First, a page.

Edwin Sautelle "Dooney" Hayes
- 289Wallaby Number
‘Dooney’ Hayes was a complete footballer who had the honour of being named Wallaby captain for an overseas tour only for injury to rob him of the opportunity to lead Australia in a Test match. A straight running centre who drew his man and passed well, Hayes was also noted for his place kicking and punishing defence.
Born on the Darling Downs he attended the Toowoomba Grammar School where he played in the 1928 1st XV and 1st XI. After he graduated Hayes joined the Past Grammars Rugby Club in Toowoomba who were coached by the famous ‘King’ Renwick. Renwick’s tutelage had a significant influence on Hayes' development into an outstanding footballer. His promise obvious, Hayes soon made his Queensland debut, at the tender age of 19 in the second match of the 1931 interstate series with New South Wales. Late the following season Hayes played in the interstate matches that doubled as trials for the 1933 tour of South Africa. He was chosen at fullback, rather than at centre, for the trials and subsequently missed selection altogether.
In 1934 Hayes moved to Brisbane where he linked up with the GPS club and state fly half ‘Wally’ Lewis. The move paid immediate dividends as Hayes settled into the inside centre position and was named captain of the Queensland team travelled south for the interstate matches. When the All Blacks arrived in August to defend the Bledisloe Cup, both Hayes and Lewis were selected to make their debuts in the first Sydney Test. Australia did not play any Test rugby in 1935 and as such the following year’s tour to New Zealand took on even greater importance. Hayes made the team and was appointed captain to became the first Queenslander to lead a Wallaby team on an overseas tour.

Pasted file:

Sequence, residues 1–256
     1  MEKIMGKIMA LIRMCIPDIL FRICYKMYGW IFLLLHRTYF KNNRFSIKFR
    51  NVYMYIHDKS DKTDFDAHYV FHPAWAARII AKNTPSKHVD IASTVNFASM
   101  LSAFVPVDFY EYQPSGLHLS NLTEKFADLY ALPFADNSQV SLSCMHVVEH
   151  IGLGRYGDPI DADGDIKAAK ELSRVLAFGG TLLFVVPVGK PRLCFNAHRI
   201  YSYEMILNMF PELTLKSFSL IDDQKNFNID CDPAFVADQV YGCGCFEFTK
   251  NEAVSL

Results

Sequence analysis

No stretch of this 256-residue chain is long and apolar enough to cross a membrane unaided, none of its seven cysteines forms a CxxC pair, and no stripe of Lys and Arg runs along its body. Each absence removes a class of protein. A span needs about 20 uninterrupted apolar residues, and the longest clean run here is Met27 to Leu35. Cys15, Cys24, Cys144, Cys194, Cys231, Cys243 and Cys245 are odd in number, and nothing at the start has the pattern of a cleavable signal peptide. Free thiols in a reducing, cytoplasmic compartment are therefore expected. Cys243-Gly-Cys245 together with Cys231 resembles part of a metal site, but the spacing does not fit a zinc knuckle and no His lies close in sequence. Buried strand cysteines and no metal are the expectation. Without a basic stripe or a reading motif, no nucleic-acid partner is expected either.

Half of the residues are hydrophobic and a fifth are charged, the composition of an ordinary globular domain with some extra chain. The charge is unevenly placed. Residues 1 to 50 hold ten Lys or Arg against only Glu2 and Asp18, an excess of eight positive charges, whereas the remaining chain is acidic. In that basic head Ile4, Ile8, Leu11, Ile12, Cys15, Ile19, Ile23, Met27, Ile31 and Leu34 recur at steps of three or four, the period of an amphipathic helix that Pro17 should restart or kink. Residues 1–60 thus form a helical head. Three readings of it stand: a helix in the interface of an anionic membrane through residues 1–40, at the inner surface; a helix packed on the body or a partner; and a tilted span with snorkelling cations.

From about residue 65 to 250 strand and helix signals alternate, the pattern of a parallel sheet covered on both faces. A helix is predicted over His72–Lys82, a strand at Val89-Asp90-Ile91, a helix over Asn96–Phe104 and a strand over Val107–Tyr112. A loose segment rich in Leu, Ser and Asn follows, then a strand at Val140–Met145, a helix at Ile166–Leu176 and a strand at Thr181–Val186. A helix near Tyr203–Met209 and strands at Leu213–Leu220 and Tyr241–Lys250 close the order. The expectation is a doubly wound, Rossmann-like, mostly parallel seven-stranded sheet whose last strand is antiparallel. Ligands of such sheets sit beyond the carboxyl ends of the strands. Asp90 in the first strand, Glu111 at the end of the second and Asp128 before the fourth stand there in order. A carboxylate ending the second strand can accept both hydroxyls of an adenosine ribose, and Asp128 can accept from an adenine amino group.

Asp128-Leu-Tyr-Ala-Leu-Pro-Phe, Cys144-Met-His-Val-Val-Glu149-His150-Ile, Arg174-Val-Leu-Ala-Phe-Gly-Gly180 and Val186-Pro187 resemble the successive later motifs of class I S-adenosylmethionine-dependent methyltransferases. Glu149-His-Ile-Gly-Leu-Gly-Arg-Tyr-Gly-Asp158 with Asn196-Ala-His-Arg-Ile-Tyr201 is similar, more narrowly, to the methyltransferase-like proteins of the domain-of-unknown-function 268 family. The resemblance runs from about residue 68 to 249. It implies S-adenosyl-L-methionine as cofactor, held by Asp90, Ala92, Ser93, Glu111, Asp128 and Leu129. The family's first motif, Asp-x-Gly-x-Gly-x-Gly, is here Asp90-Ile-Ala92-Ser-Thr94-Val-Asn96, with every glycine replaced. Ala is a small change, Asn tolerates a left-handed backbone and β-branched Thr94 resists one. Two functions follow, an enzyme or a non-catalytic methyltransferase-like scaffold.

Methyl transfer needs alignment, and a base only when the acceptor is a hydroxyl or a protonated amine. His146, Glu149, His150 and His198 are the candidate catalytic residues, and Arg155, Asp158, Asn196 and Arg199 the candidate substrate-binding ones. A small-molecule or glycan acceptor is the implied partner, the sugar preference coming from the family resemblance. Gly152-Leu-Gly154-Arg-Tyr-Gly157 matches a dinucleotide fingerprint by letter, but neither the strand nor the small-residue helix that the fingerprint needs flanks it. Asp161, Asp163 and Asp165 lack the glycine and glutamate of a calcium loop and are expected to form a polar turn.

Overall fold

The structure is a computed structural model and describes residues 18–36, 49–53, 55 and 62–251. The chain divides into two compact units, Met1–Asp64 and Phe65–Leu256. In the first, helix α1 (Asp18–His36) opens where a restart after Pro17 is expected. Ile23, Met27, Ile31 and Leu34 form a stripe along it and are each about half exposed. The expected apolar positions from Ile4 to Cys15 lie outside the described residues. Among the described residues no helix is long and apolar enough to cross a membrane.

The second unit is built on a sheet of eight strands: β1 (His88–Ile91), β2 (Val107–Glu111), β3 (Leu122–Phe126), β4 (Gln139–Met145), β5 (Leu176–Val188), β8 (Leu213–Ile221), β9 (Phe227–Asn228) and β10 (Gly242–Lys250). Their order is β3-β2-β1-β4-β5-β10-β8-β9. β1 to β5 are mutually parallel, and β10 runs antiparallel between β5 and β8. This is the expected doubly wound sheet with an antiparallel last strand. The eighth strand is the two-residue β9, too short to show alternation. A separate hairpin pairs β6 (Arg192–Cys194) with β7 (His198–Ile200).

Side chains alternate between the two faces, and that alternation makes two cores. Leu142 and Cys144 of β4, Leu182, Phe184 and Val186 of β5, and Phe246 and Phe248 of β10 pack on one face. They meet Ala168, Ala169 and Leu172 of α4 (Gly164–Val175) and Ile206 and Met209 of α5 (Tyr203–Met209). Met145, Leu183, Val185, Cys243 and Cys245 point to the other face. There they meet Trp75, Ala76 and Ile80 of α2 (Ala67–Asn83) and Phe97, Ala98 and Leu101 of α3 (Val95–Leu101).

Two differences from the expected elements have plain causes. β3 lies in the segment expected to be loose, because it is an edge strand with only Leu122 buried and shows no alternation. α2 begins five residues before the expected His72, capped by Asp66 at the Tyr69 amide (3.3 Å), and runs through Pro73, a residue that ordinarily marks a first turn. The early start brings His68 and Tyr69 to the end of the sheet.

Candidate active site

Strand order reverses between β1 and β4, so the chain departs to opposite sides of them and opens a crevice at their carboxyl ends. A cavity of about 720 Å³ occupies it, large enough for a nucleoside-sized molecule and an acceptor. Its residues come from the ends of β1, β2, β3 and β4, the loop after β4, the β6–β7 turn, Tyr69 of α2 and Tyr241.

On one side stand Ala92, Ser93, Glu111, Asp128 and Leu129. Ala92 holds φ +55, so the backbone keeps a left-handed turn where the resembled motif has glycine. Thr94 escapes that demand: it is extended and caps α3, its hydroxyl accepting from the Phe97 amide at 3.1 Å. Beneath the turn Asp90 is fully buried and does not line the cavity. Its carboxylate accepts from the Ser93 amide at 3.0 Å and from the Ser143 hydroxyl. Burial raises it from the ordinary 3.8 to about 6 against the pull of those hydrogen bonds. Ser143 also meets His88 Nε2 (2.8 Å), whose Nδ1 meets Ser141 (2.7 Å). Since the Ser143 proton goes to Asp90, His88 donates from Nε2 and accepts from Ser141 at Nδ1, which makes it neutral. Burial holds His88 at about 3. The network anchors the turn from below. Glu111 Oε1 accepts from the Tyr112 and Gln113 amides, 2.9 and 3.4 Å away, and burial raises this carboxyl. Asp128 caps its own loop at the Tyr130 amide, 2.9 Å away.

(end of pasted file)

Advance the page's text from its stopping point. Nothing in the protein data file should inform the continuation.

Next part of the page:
Unfortunately, the fulfilment of a dream turned into a disaster, when Hayes suffered a painful rib injury in the first match against Auckland, then returned too early and further aggravated the injury in the third game against Hawkes Bay. As a result he was unavailable for all three Tests and only played one further match on the tour. Hayes recovered from an early injury in 1938 to start all three home Tests against New Zealand however he was never again selected for Queensland and as such was denied the opportunity to trial for the Second Wallabies tour to Great Britain. When the World War II commenced Hayes enlisted in the RAAF and served as a flying officer with the 2 Aircraft Delivery Unit RAF, stationed in the Middle East.
Hayes had one narrow escape on in October 1942, when his aircraft was involved in a mid-air collision and he was forced to bail out. Two and a half months later Flying Officer Hayes was detailed to fly a Kittyhawk aircraft in the Magrun area of Libya. He took off and was last seen by an accompanying aircraft 30 miles southeast from the ancient city of Barce. Nothing was known regarding the fate of the pilot and when Hayes’ plane could not be located found, he was presumed dead. The name of Edwin Sautelle Hayes is located on the Roll of Honour at Panel 123 in the Commemorative Area of the Australian War Memorial.
Hayes won his first Test cap at inside centre, paired with Cyril Towers, in the 1st Test, 25-11 victory over New Zealand at the S.C.G. That centre pairing was retained for the 2nd Test, 3-3 draw that clinched Australia’s first ever Bledisloe Cup series win.
The Wallabies did not play a Test match in 1935.
Hayes started at inside centre in all three home losses to New Zealand. He had a GPS clubmate as his centre partner in each match, the first with ‘Wally’ Lewis and the final two with ‘Blow’ Ide.